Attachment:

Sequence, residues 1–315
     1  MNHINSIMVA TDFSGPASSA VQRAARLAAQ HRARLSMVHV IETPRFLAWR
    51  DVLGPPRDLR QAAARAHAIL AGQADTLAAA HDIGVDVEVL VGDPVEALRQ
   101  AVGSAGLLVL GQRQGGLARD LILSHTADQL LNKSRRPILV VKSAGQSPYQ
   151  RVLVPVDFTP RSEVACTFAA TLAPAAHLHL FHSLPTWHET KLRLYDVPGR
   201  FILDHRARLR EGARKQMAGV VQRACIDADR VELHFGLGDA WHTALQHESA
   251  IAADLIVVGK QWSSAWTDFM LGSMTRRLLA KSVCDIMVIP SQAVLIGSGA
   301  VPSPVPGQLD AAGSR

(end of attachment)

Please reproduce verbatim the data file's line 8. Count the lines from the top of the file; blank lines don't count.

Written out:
   301  VPSPVPGQLD AAGSR